Back in about:blank, NVIDIA’s ambition to purchase the Cambridge-based chip manufacturer ARM was put on hold by UK’s Secretary of State amid investigations and now, it seems that the UK government is considering blocking the deal altogether, sources familiar with the discussions told Bloomberg. While the halt was in place, the Competition and Markets Authority (CMA) was tasked to prepare a report on the possible national security risks and anti-competitive behaviour around the deal.
The CMA had already started looking into the deal way back in January and recently delivered its report to the Secretary of State for Digital, Culture, Media and Sport (DCMS) on 20 July. While no final decision has been made, Bloomberg was told that the assessment contains worrying implications for national security and the UK is currently inclined to reject the takeover bid and is likely to conduct a deeper review into the merger.
NVIDIA announced in September that they had reached a USD$40 billion (~RM168.9 billion) deal to acquire ARM from Japan’s SoftBank Group to strengthen its foothold in the semiconductor market amid the global chip shortage. Several big tech players, including Microsoft, Google, and Qualcomm, raised concerns over how NVIDIA would handle ARM’s patents and distribution rights such as its open-licensing model and customer neutrality after the takeover.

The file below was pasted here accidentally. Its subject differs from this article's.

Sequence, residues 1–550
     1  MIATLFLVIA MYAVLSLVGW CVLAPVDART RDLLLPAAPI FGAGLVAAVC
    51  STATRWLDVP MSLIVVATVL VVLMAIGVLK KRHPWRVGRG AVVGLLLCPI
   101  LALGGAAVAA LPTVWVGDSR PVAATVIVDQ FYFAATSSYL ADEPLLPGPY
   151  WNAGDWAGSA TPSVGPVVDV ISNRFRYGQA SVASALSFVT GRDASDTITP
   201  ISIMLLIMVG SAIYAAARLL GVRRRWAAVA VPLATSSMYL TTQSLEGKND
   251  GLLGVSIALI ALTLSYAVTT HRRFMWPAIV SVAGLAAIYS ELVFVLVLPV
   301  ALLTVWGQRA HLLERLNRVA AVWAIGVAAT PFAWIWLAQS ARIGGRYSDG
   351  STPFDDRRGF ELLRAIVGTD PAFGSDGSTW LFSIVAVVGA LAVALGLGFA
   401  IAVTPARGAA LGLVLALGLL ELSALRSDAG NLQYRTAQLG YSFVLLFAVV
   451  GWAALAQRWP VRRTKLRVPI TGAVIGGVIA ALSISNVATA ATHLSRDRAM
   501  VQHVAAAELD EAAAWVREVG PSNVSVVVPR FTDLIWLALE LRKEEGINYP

As for what NVIDIA has to say about all this, a spokesperson said, “we continue to work through the regulatory process with the U.K. government … we look forward to their questions and expect to resolve any issues they may have.” UK and CMA officials have declined to comment on the matter. Jen-Hsun Huang, NVIDIA’s CEO, has said he remains confident that regulators will approve the company’s acquisition of ARM. Interestingly, chip-maker Qualcomm has said that it would be open to investing in ARM if NVIDIA’s bid fails.